Tuesday, May 25, 2010

it's all about the service

On Sunday evening, while in Toronto, we ventured out for dinner and ended up on Ossington Avenue at a lovely spot called Delux. I couldn't find a website for them, but there's a review with location information here. The food was great, and reasonably priced. I had a roulade of poultry, Dave had gnocchi, Joe had steak and frites, and Laurie had pickerel. The charcuterie plate was to die for. The most lovely thing about the place though, was the service. When our server discovered I was interested in wine and was moving on to our second bottle, he usurped my choice and brought us this bottle: a 1998 Gran Oristan. He had just a few left in his cellar and thought we'd appreciate drinking this aged Tempranillo. I was touched by the thought, and he was right. I certainly don't get to drink twelve year old wine very often. It is a lovely bottle of wine.

In the glass: the aromas were dominated by earth, saddle, some tobacco and spice, but there was still a nice and lively fruitiness to the wine with some dark cherry and blueberry on the nose. I was detecting other complexities like fennel, and vanilla, and floral notes. A lovely food wine, it paired well with the array of dishes we were having: medium-bodied with a decent backbone of acidity. A spiced cherry flavour lingered for quite a while on the finish.

If you are in Toronto, or going to visit soon, I highly recomend you go and get some delish at Delux. It has a lovely wine list that is not too daunting to navigate, the servers are well-versed in things that are wine, and most importantly they were very intent on us having a great dining experience.

And on another service-related topic. A few months ago my Toshiba laptop died, suddenly, after barely a year of use. At the time I took it to PC Cyber, a computer repair shop here in Ottawa (Toshiba was completely unhelpful and I will not rant about that now). PC Cyber told me that my laptop was un-repairable, charged me a little fee for coming to this conclusion and sent me home. I decided to bring it to Joe in Toronto. Joe has not only fixed the thing, he has made it better and given me more gig-thingies, so now maybe I can edit video on it. Hooray. So, if you live in the Toronto area, and you need computer help, call Joe. He runs a little business called thinkjar and you can find him here. He's magic.

Saturday, May 22, 2010

drinking in a different area code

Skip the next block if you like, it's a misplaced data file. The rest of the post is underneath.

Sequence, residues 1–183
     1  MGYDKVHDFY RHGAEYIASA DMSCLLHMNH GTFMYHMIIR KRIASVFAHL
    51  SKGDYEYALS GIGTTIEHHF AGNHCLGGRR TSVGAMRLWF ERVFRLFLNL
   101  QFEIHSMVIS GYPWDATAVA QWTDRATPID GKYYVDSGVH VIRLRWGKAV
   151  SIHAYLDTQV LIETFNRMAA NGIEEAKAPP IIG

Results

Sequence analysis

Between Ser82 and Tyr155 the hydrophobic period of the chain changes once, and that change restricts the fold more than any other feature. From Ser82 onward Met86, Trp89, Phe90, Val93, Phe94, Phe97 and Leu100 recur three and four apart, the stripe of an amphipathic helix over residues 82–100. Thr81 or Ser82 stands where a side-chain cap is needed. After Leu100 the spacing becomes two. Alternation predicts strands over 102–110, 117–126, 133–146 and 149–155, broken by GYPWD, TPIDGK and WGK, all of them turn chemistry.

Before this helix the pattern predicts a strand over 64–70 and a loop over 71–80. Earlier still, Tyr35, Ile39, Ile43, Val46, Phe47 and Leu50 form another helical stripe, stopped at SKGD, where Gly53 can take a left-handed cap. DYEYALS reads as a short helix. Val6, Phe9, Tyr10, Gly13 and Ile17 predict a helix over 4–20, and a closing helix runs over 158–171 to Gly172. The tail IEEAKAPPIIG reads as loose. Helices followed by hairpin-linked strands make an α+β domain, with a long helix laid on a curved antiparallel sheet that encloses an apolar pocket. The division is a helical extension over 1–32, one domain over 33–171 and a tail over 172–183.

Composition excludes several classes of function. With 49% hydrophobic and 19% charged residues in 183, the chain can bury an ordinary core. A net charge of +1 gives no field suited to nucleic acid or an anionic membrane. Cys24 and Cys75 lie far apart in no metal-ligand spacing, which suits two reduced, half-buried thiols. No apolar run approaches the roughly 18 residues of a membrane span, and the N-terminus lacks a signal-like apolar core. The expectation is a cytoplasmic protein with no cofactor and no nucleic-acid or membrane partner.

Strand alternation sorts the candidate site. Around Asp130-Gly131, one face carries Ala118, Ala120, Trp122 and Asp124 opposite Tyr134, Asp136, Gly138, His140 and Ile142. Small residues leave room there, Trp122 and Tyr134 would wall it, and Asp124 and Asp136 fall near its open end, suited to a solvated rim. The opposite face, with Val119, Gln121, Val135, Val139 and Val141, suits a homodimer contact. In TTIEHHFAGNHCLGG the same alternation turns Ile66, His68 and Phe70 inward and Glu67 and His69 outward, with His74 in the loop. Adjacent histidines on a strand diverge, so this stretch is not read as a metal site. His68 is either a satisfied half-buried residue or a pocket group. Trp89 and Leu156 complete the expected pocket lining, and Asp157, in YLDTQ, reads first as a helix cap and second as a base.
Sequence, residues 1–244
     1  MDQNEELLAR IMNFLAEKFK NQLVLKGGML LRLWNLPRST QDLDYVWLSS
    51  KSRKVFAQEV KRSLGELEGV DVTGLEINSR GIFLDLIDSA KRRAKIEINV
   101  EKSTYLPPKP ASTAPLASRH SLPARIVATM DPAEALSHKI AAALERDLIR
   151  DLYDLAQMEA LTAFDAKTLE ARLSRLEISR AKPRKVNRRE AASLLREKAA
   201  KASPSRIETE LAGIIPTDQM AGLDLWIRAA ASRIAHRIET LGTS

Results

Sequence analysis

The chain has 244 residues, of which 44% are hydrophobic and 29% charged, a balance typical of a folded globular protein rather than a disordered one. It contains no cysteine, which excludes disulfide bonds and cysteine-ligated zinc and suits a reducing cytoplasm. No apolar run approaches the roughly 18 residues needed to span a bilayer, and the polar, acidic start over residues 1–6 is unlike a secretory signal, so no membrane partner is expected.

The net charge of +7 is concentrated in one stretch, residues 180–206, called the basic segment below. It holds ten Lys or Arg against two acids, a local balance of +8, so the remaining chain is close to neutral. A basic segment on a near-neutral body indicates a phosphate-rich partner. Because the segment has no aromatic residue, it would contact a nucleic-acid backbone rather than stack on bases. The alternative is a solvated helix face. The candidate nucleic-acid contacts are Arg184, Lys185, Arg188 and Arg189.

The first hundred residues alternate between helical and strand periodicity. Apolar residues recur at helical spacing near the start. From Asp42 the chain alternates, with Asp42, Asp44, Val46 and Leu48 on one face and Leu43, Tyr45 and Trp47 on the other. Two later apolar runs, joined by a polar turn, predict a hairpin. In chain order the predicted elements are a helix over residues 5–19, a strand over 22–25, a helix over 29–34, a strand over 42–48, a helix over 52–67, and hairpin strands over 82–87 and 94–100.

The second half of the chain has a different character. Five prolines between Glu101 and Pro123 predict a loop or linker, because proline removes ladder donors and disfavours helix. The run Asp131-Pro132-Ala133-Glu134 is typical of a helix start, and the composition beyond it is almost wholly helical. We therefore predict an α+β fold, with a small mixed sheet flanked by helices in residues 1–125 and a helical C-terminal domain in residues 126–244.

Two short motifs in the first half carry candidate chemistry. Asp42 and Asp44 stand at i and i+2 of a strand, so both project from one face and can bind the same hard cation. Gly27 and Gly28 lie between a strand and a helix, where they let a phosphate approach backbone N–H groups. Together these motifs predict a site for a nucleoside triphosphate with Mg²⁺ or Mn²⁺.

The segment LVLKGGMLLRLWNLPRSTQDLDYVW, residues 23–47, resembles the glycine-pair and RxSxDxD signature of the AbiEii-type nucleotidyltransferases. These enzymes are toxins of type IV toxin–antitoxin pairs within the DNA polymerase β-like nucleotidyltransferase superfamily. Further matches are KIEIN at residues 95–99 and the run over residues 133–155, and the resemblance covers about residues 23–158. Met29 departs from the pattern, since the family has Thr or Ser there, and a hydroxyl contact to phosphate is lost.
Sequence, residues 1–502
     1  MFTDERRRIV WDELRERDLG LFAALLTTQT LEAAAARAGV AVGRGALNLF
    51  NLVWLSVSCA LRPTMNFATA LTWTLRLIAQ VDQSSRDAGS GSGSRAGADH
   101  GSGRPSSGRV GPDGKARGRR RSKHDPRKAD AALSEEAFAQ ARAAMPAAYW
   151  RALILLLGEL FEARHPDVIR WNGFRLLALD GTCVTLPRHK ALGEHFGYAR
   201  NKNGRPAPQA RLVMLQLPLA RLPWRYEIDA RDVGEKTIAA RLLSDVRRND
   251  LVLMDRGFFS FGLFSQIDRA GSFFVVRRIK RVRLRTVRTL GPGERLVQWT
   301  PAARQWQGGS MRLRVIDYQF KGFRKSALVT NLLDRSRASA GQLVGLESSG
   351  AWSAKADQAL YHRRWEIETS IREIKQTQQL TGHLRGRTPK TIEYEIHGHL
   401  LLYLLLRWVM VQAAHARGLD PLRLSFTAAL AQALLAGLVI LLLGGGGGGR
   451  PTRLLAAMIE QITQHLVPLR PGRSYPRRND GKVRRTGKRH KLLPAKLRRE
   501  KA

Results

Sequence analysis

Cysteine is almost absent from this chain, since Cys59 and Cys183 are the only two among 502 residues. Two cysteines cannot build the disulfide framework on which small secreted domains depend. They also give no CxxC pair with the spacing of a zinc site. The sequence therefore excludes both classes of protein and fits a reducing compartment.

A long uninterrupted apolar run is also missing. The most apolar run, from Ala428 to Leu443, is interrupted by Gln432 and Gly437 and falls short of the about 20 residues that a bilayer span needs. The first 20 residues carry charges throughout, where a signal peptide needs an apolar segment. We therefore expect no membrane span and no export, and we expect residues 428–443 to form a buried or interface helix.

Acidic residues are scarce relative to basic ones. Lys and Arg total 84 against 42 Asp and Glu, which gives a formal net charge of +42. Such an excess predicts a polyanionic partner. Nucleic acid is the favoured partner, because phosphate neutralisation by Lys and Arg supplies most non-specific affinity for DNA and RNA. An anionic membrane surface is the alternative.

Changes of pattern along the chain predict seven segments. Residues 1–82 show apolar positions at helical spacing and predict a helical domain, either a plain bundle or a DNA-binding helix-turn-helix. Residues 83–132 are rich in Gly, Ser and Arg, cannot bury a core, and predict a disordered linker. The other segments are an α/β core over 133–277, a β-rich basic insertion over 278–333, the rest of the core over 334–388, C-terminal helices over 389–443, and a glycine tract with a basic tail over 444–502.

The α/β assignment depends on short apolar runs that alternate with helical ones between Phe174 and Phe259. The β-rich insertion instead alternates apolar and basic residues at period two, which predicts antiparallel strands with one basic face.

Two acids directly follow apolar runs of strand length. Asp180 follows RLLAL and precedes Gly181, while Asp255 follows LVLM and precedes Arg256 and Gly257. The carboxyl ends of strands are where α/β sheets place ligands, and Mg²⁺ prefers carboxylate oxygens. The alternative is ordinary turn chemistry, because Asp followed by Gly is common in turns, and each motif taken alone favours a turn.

We're in the big smoke for the weekend visiting Joe and Laurie because they are very entertaining, and because we love them so.

They have fed us cheese.

And wine.

In this glass: just a simple, easy to drink wine with some sour cherry and grapefruit on the nose and a slightly bitter finish ($12.95).

And homemade gravlax.

And more wine.

In that glass: delicate aromas of lavendar and violets, cherry, oregano and tobacco. This is a medium-bodied, low tannin, lovely glass of wine. It went really well with the cheese ($12.95).

And slow grilled pork... and more wine.... oh the laughs we're having.

Laurie's Homemade Gravlax - which is amazing

2 pieces of centre cut salmon (approximatly 1 lb each)
3 tbsps crushed peppercorn
3 tbsps crushed coriander seeds
2 tsps dry mustard
4 tbsps salt
4 tbsps sugar
1/2 - 1 cup of fresh dill
1-275ml bottle of gin (any will do - Laurie used Beefeater)

-mix all the dry spices (except the dill) in a blender, or food processor
-rub most of the spice mix (leave a few tbsps aside) over the flesh side of the salmon pieces
-then layer the salmon by placing the first piece skin side down in a loaf pan, and sprinkle half the gin over the fish, add the dill, and then place the second piece of fish skin side up, rub the last of the dried spices into the fish, and then sprinkle the rest of gin over the fish
-cover with plastic wrap and weigh it down (Laurie puts another tray on top of the fish and fills it with canned tomatoes)
-every 12 hours flip the salmon over
-leave it in the fridge for a minimum of 48 hours

Thursday, May 20, 2010

weekend wine buy: cavallina

Although it has been chilled white wine weather here recently it is supposed to drizzle this weekend; so, we'll be sitting under the overhang on a friend's deck in Toronto warming our insides with this little piece of sunshine from Sicily. It's cheap, and easy to drink; it's only $7.95.

I first tried this wine during a tasting exercise with a classmate. We were trying Italian wines and pairing them with Italian menu items. We found that this wine went well with much of the food and surprisingly, with many of the cheeses: goat, parmesan, and a soft, washed rind style. It's actually quite difficult to pair cheese with wine; cheese comes in such a wild array of textures and tastes, and can be quite salty. Salt can accentuate the perception of alcohol in wine leaving a hot sensation in your mouth. I'm thinking a trip to that cheese shop in Kensington Market where we always go while we are in Toronto, and a lot of this wine, and it'll be a happy weekend. Meatballs in a tomato sauce are another great option for this wine, or burgers, or pizza, or grilled vegetables, or salami... okay, I'll stop.

In the glass: a deep ruby wine with notes of dark cherry and plum, violets and mineral, smoke, oregano, and fennel. For the price, this wine has a bit of complexity on the nose - probably a result of the blending of the two grapes: Nero d'Avola and Syrah. Medium-bodied, it's a fairly low acid wine with some mild, soft tannins on the finish.